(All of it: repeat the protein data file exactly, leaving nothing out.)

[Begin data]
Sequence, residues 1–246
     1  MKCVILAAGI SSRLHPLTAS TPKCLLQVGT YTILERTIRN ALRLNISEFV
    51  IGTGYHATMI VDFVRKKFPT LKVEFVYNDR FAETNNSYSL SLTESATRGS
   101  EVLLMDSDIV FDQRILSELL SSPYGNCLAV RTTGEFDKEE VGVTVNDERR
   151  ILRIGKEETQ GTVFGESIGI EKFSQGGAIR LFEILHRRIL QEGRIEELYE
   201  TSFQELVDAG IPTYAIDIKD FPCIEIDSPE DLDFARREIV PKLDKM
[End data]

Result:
Sequence, residues 1–246
     1  MKCVILAAGI SSRLHPLTAS TPKCLLQVGT YTILERTIRN ALRLNISEFV
    51  IGTGYHATMI VDFVRKKFPT LKVEFVYNDR FAETNNSYSL SLTESATRGS
   101  EVLLMDSDIV FDQRILSELL SSPYGNCLAV RTTGEFDKEE VGVTVNDERR
   151  ILRIGKEETQ GTVFGESIGI EKFSQGGAIR LFEILHRRIL QEGRIEELYE
   201  TSFQELVDAG IPTYAIDIKD FPCIEIDSPE DLDFARREIV PKLDKM